adapt

verb
\ə-ˈdapt, a-\
adapted; adapting; adapts

Definition of adapt 

transitive verb

: to make fit (as for a new use) often by modification adapt the curriculum to students' needs

intransitive verb

: to become adapted adapt to a new enviroment

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Choose the Right Synonym for adapt

adapt, adjust, accommodate, conform, reconcile mean to bring one thing into correspondence with another. adapt implies a modification according to changing circumstances. adapted themselves to the warmer climate adjust suggests bringing into a close and exact correspondence or harmony such as exists between parts of a mechanism. adjusted the budget to allow for inflation accommodate may suggest yielding or compromising to effect a correspondence. accommodated his political beliefs in order to win conform applies to bringing into accordance with a pattern, example, or principle. refused to conform to society's values reconcile implies the demonstration of the underlying compatibility of things that seem to be incompatible. tried to reconcile what he said with what I knew

Did You Know?

Rooted in the origins of "adapt" is the idea of becoming specifically "fit" for something. English speakers adapted "adapt" in the 15th century from the French adapter, which itself traces to the Latin forms aptare, meaning "to fit," and aptus, meaning "fit" or "apt." Other descendants of "aptus" in English include "aptitude," "inept," and of course "apt" itself, as well as "unapt" and "inapt."

Examples of adapt in a Sentence

When children go to a different school, it usually takes them a while to adapt. She has adapted herself to college life quite easily. The camera has been adapted for underwater use. The clock was adapted to run on batteries. The movie was adapted from the book of the same title. adapting the movie for television
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Recent Examples on the Web

Sign up for the Future Perfect newsletter, from which this piece was adapted. Dylan Matthews, Vox, "How a $50-a-year nutrition program cut domestic violence in Bangladesh," 12 Nov. 2018 That may help anthropologists better understand the role of environment—and the ability to adapt to challenging new landscapes—in shaping human evolution and global expansion. Kiona N. Smith, Ars Technica, "Archaeologists find 300,000-year-old stone tools in Saudi Arabia," 29 Oct. 2018 Variety reports that Alan Wake is being adapted to a TV show, with writer and longtime Remedy collaborator Sam Lake involved as an executive producer. Hayden Dingman, PCWorld, "This week in games: Katamari Damacy finally rolls onto PCs, Tencent's snowboarding battle royale," 14 Sep. 2018 The book, which was later adapted into a movie, was released to widespread praise. Steve Israel, chicagotribune.com, "What's the greatest book about politics? Bill Clinton, Newt Gingrich and others weigh in.," 12 July 2018 Buy Now Brooks Brothers plaid summer twill sport shirt Tucked in under a blazer or left unbuttoned by the pool, this shirt’ll adapt to whatever Independence Day brings your way. Yang-yi Goh, GQ, "17 Fourth of July Menswear Buys That’ll Outshine the Fireworks," 3 July 2018 But even the monochromatic look can be updated and adapted for current trends. Sarah Spellings, The Cut, "This New Brand Has Mastered Western Style," 13 July 2018 Spoilers ahead for the series, as well as some of the James S.A. Corey novels the show adapts. Andrew Liptak, The Verge, "Humanity inherits the galaxy in The Expanse’s season 3 finale," 29 June 2018 Wade admits, though, that as his children continue to grow up, his parenting style continually adapts. Madison Roberts, PEOPLE.com, "Why Dwyane Wade Says He 'Never' Drinks In Front of His Kids," 26 June 2018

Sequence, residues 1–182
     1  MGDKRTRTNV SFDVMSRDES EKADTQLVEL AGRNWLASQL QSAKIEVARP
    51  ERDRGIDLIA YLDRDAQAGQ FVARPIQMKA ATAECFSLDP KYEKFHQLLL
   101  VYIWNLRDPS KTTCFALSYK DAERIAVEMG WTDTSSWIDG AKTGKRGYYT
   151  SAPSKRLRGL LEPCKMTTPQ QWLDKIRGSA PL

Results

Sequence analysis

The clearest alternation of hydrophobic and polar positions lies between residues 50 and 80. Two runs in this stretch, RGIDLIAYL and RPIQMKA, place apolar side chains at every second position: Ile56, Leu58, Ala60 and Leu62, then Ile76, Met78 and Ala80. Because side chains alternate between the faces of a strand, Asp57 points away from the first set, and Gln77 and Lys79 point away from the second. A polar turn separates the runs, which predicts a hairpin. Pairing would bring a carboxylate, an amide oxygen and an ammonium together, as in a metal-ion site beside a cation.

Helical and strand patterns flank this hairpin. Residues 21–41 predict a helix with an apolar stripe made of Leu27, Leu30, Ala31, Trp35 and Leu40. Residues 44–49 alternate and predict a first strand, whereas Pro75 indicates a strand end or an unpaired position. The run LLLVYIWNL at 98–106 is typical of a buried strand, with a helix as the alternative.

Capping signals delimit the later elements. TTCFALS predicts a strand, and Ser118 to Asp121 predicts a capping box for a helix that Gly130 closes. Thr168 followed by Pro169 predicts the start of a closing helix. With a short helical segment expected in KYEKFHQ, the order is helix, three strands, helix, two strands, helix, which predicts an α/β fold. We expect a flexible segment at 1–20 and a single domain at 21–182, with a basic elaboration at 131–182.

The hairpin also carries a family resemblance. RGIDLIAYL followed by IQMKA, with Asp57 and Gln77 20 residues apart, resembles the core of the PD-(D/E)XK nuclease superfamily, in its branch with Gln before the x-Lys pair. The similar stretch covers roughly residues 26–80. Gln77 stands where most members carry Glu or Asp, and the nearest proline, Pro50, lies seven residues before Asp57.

These example sentences are selected automatically from various online news sources to reflect current usage of the word 'adapt.' Views expressed in the examples do not represent the opinion of Merriam-Webster or its editors. Send us feedback.

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First Known Use of adapt

15th century, in the meaning defined at transitive sense

History and Etymology for adapt

Middle English adapted (as translation of Latin adaptātus), borrowed from Middle French & Latin; Middle French adapter, borrowed from Latin adaptāre, from ad- ad- + aptāre "to put into position, bring to bear, make ready," verbal derivative of aptus "fastened, prepared, suitable" — more at apt entry 1

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Dictionary Entries near adapt

Adapazarı

Adapidae

Adapis

adapt

adaptable

adaptate

adaptation

Statistics for adapt

Last Updated

16 Nov 2018

Look-up Popularity

Time Traveler for adapt

The first known use of adapt was in the 15th century

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More Definitions for adapt

adapt

verb

English Language Learners Definition of adapt

: to change your behavior so that it is easier to live in a particular place or situation

: to change (something) so that it functions better or is better suited for a purpose

: to change (a movie, book, play, etc.) so that it can be presented in another form

adapt

verb
\ə-ˈdapt \
adapted; adapting

Kids Definition of adapt

1 : to change behavior so that it is easier to function in a particular place or situation He easily adapted to high school.

2 : to make or become suitable or able to function The camera was adapted for underwater use.

\ə-ˈdapt \

Medical Definition of adapt 

: to make fit (as for a specific or new use or situation) often by modification adapted himself to the new position

intransitive verb

: to become adapted : undergo adaptation

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Comments on adapt

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